Human Being Through the History of Humanity (Part I)

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Modern historians estimate that the earth is only six billion years old. Man and his primitive ancestors have been around for about 5000 years. A civilized human being (cultivating the earth, producing food, and having some form of community life) has only existed for 6,000 to 8,000 years on planet Earth. This period is approximately one millionth of the total age of the world.
If you stretch a piece of paper 100 kilometers in length and imagine that it represents the time of existence of our planet. The history of a human being would only take sixteen inches on that piece of paper. This is approximately the length of one bar of chocolate.
In such a relatively short period man has progressed from shepherd and hunter, inventor of the wheel, skilled potter and pottery maker, a creature who feels the need for an organized society to an educated being capable of taking off from Earth and visiting the moon.
Man has lived almost like an animal for thousands of years. It belongs to the primate genus (mammals from which monkeys and monkeys arose). Then the Earth was covered with ice. Huge glaciers spread across its entire surface. We know this period as the “Ice Age”. There were warmer periods during the ice age, when the ice sheet was pulling back slightly. This process influenced the development of various life forms. Back then, life was a constant struggle with nature, cold winds, storms and floods. This struggle helped man adapt to new and changing natural phenomena.
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The remains of the first primitive man, about 750,000 years old, have been preserved. We call it the “australopithecus” and traces have been found in Africa. The scientific method for determining the approximate age (using radioactive carbon) is to learn more about how the “australopithecus” lived. As science evolves, it is possible that in the near future we may learn more about the past and life of the australopithecus and its older ancestors. The australopithecus had a small brain (less than half of our brain). After a quarter of a million years, man is coming to a more mature stage – pitekanstropus.
We can call Pythicanthropus the first specimen of an almost human being. He is the transitional stage between man and monkey. Its remains have been found in Indonesia, Africa, Europe and China. It was created half a million years ago. His head rested erect on the spine. His eyes were set to achieve a three-dimensional image. This allowed him to estimate the distance. His teeth were shorter than those of his ancestors. He used his fingers and thumb to grasp the object. The brain was slightly larger than the ancestors. He made the first primitive tools made of stone and flint. His long hands also served as a tool. He used his hands better and better, which is a major step in man’s development. He collected food and stored it for later use. This early period (from 500,000 years to about 10,000 BC) is called the Stone Age or Paleolithic.
The Paleolithic is divided into three periods: the lower, middle and upper periods. Each of these three periods represents a significant step in the development of humanity.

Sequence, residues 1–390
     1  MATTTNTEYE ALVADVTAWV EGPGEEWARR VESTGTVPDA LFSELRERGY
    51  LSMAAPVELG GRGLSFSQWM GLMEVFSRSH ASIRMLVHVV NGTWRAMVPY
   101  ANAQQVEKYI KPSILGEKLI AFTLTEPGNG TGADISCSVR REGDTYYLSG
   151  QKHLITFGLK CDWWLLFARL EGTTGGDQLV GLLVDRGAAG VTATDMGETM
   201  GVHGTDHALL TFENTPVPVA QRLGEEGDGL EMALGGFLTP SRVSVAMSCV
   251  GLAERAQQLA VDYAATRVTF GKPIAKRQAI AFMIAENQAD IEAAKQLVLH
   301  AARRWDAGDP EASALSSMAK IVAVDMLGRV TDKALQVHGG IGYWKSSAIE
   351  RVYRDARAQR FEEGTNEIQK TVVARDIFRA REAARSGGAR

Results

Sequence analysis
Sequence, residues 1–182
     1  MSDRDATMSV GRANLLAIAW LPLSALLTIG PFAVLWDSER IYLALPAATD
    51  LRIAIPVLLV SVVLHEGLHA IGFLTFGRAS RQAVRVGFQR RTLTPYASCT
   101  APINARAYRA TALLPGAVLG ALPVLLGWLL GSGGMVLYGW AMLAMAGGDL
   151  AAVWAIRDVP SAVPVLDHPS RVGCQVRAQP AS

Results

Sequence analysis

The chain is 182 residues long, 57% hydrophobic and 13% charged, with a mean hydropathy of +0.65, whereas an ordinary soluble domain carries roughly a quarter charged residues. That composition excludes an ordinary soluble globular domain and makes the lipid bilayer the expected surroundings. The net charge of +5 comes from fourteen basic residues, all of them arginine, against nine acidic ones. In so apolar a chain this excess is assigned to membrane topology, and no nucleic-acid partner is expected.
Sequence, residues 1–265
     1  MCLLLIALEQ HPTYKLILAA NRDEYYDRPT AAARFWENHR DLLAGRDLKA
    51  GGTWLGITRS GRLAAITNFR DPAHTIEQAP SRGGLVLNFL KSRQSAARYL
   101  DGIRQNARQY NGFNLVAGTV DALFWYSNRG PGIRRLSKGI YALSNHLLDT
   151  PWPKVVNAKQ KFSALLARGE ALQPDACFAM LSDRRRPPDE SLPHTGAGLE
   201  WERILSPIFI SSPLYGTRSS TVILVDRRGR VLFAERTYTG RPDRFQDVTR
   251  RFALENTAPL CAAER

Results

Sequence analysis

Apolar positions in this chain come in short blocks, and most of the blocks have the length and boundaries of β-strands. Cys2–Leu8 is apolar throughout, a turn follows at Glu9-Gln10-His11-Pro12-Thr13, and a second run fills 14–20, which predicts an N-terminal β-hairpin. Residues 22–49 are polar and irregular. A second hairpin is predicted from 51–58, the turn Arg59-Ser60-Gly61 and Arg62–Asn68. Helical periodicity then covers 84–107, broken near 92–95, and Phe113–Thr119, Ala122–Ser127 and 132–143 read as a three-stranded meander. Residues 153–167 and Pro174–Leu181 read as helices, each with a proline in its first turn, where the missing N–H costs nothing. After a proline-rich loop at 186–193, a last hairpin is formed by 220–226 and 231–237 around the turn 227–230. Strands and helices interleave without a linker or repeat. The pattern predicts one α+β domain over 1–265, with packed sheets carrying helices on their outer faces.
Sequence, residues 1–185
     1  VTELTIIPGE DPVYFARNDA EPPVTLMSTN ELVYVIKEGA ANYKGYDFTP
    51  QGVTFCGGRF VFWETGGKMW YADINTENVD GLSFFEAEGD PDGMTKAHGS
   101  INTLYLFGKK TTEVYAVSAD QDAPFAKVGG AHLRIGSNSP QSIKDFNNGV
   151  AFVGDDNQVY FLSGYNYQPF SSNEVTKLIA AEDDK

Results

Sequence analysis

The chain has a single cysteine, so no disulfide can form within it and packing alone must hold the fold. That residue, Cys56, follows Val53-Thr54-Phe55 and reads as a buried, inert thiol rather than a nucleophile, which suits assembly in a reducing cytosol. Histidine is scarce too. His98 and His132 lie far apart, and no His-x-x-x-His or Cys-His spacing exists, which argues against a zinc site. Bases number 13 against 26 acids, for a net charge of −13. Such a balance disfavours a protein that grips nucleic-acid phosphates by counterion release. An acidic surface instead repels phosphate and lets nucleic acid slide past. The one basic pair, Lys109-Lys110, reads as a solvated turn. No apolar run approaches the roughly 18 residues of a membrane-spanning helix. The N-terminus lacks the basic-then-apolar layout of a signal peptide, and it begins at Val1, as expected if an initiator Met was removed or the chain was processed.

The next type of ancestor was created about 80,000 years BC. We call him the Neanderthal. His remains were found in Neanderthal (a valley in Germany). His brain was 3x larger than the brain of the pytechanthropus and slightly smaller than the brain of modern humans. In the last century, the remains of a Neanderthal tomb dating back to 6000 BC have been found in Baghdad. This proves that the Neanderthal knew the rites characteristic of modern man. We call this period the Middle Stone Age or Middle Paleolithic. This type of man belongs to the Krapina man whose remains were found in Krapina (Croatia). This great-grandfather of ours was a hunter and gatherer. He made various types of weapons and tools made of stone. He knew the fire.
KRANEAMUS or The Museum of Krapina Neanderthals is located on the site Hušnjakovo in Krapina, next to the most famous world site of the Neanderthal man. The site itself is protected as the first paleontological nature monument in Croatia. The new museum was officially opened on February 27, 2010. The Museum of Krapina Neanderthals operates within the museum institution Museums of the Croatian Zagorje, which unites five museums in the Krapina-Zagorje County.
The exhibition space of the museum is located between two hills – Hušnjakovo and Josipovac near Krapina. It is 1200 meters square and is divided into two floors.

Ever since its opening on February 27, 2010, the Krapina Neanderthal Museum has been attracting attention of visitors, not only due to the intriguing notion of NEANDERTHALS in its name, but surely also due to its specific ways of presenting the topic. Authors of the project and its realisation, palaeontologist Jakov Radovčić and architect Željko Kovačić, worked to bring us a better understanding of the people of Krapina from the Stone Age, who lived in this area 125,000 years ago. The exhibition is set up as a time machine through the history of the Universe, the Earth and Man, leading up to the present day, and lays special emphasis on the Neanderthal period.
Opened: 2/27/2010
Location: Promenade Vilibalda Sluge bb, 49000 Krapina
Type: specialized geological-paleontological
Mentor: Jurica Sabol (Mail:, Mail:
Photos: (,


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